As Smith outlines in is work on curriculum theory and practice four models of curriculum.
- Curriculum as a syllabus to be transmitted.
- Curriculum as a product
- Curriculum as a process
- Curriculum as a praxis.
Curriculum as a syllabus to be transmitted.
When it comes to the curriculum as a syllabus to be transmitted; there are good and not so good points for this model. This model is often presented as a textbook style and this can be useful because it allows for easy understanding and the use of familiarity and easy navigation.
However, this model does not indicate the importance or order for the material to be studied. Treating the curriculum as a syllabus causes the only concern to be with content and not the theory around the idea of curriculum. Planning from this model only includes content or a particular body of knowledge that the teachers wish to use.
Curriculum as a product.
For this model, the curriculum is seen as setting behavioral objectives.
With the product being the end, careful planning is put into creating good quality material. It also allows for organizing power in clear concise way for better understanding.
However, this model seems very focused on one particular thing and that is to prepare students for the workforce; the skilled labor rather than having a broader purpose. Furthermore, there is no social vision or guiding principles that would allow for deeper thinking and better construction and creation of a curriculum. As outlined in the article with this model the students are told: “what they must learn and how they will do it” (Smith 2000). The point that I have the most issue with is the fact that a product model causes success or failure is determined by a students ability to make predetermined changes in there learning or improvements.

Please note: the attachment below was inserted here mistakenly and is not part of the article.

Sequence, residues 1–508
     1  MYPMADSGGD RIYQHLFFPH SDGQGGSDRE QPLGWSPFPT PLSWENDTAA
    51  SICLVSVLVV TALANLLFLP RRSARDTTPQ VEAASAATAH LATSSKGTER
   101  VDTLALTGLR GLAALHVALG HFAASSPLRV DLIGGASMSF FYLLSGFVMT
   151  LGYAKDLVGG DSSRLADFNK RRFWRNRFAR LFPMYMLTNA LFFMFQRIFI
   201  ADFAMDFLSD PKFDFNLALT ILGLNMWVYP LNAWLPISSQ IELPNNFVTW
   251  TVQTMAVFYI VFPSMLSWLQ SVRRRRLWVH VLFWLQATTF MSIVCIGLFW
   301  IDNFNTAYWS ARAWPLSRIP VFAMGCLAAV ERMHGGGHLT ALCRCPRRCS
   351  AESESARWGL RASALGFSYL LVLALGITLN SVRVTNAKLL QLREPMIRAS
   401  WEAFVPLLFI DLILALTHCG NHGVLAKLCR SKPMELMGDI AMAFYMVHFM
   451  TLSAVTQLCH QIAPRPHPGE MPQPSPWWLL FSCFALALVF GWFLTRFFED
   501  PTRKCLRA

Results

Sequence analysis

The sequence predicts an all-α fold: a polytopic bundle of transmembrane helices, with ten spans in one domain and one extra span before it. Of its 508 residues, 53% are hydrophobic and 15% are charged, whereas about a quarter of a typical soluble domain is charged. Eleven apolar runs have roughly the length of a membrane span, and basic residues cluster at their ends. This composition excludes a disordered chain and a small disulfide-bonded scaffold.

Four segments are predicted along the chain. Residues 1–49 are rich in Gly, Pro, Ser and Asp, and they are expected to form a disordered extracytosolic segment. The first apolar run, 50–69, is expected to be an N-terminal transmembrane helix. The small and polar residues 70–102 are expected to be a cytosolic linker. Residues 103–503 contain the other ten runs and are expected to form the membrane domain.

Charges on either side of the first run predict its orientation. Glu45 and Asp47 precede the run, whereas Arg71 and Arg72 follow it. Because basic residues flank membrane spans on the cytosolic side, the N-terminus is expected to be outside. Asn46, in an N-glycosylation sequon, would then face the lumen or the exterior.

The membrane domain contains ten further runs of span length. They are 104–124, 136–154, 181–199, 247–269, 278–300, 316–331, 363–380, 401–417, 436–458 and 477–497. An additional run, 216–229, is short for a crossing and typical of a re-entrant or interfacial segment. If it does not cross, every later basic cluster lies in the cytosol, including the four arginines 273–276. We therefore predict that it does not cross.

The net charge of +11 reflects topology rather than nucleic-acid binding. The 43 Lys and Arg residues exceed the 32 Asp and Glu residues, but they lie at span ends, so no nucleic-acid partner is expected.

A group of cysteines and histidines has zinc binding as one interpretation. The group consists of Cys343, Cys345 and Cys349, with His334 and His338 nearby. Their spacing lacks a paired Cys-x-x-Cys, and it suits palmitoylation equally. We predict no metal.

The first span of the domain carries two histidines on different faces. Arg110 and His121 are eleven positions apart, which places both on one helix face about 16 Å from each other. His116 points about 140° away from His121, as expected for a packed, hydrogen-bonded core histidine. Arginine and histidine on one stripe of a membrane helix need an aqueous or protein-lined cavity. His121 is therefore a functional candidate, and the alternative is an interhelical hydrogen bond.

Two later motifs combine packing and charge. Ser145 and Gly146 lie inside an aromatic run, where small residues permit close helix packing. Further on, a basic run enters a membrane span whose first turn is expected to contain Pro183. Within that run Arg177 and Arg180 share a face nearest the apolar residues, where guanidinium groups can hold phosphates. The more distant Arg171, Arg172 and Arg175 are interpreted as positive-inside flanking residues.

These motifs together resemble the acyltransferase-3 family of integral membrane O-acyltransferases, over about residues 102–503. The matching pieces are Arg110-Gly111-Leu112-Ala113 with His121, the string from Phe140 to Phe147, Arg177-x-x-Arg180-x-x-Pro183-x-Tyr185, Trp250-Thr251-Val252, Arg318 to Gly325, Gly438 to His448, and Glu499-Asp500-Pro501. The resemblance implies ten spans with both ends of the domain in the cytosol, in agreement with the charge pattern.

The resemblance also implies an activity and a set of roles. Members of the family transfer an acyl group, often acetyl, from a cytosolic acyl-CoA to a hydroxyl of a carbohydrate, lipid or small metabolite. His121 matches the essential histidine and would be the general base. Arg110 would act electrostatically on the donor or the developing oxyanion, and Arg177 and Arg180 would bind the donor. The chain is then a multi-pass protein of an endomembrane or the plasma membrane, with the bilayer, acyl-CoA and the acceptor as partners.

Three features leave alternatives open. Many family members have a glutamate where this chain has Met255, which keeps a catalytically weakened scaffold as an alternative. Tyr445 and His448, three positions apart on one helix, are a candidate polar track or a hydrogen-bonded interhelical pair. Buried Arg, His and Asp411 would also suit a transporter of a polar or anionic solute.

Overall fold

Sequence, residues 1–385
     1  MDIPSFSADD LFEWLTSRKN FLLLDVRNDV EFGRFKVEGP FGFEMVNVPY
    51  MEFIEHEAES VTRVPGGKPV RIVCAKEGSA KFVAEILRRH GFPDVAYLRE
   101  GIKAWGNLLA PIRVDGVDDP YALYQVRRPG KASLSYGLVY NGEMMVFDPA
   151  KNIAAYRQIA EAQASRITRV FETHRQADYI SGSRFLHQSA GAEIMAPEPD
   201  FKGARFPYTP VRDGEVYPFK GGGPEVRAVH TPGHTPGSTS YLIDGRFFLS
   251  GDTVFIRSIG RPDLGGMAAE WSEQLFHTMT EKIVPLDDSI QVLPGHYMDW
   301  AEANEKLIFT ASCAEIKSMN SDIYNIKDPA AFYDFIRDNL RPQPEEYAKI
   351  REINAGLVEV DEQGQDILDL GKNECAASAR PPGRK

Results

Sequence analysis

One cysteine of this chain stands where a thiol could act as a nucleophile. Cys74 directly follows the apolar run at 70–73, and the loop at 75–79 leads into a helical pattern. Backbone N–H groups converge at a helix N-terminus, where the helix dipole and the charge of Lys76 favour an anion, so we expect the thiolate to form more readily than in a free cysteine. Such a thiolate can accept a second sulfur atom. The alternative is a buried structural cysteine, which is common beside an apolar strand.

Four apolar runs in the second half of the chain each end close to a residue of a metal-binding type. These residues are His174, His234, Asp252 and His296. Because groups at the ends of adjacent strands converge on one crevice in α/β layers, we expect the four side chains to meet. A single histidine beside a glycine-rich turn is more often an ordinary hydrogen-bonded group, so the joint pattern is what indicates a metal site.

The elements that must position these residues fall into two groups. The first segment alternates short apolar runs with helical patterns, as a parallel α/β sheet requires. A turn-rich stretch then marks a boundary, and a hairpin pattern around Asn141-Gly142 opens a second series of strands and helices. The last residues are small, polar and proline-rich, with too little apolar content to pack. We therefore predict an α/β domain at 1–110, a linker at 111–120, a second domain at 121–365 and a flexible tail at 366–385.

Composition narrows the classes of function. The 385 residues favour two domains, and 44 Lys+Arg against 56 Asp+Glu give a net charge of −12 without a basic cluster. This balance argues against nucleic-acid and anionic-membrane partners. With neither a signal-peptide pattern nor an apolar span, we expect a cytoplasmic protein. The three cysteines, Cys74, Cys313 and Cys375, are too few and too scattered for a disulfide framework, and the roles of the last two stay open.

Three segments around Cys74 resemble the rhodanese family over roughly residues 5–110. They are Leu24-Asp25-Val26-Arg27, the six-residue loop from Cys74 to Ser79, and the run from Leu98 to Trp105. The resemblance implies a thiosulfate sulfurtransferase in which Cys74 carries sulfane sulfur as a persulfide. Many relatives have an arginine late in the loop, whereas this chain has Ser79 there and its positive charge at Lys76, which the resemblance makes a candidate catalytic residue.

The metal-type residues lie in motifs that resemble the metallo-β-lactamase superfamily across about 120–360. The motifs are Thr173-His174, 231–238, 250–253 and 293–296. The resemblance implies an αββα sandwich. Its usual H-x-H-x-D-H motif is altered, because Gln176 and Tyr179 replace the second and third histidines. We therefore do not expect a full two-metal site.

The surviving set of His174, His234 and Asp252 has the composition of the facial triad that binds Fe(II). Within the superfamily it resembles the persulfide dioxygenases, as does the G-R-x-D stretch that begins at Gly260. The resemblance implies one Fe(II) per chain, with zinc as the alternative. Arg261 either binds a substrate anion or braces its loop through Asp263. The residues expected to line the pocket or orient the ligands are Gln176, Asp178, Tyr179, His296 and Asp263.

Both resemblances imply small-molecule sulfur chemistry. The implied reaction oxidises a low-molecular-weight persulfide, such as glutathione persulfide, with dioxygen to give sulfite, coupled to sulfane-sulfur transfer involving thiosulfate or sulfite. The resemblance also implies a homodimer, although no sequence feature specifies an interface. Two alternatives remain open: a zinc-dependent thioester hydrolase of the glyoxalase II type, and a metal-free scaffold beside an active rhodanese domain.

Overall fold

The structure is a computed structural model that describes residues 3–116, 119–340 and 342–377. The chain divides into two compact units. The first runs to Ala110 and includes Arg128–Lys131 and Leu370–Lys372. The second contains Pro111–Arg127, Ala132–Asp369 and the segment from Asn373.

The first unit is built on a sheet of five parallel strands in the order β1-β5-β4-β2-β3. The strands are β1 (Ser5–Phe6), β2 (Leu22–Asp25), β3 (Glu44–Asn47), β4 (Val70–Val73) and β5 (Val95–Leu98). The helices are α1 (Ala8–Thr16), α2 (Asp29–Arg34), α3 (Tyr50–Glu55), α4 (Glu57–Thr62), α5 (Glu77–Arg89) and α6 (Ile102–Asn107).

Curriculum as a process.
Smith explains that the curriculum as a process involves the interaction between teachers, students, and knowledge in the classroom to make a better learning environment. I understand this process as to what happens in the classroom as far as instruction go. This process helps to predict what will happen in the future.
This process allows for more teacher-student interaction thus giving the students a voice that they would not otherwise. The downside to this is that the responsibility falls on the teacher to do a good job teaching and cultivating wisdom. Most teachers I find to be more than competent in their job of being a help to students.
Curriculum as praxis.
This model is a further development of the process model. This model allows both teacher and student to dive deeper and consult other issues that explain their existence. Thus facing them with their own oppression. Smith explains that teachers have personal but shared ideas of good. Furthermore, Smith explains that the praxis develops through the dynamic interactions of action and reflection that leads to a collective understanding.
My schooling experiences:
As far as my own schooling was concerned, the model that was most prominent was a mixture of product and process. My teachers worked to use the curriculum as a guide to teaching us what we need to know. the students were also held to a standard that was the standard that a pass or fail was determined from.
Furthermore, most of my teachers tried there best to make time for one on one interactions to help their students. I trusted my teachers to make the best decisions for me and other students. Which is a characteristic of the curriculum as a process.
These models made for an excellent work environment and fostered a safe accepting classroom. However, this environment did not allow for much critical thinking, although I had teachers tried it never got anywhere because an effort was not made to foster deep critical thinking. However, there is always room for improvement and as a teacher, I will try to advance this work and implementing it into the classroom.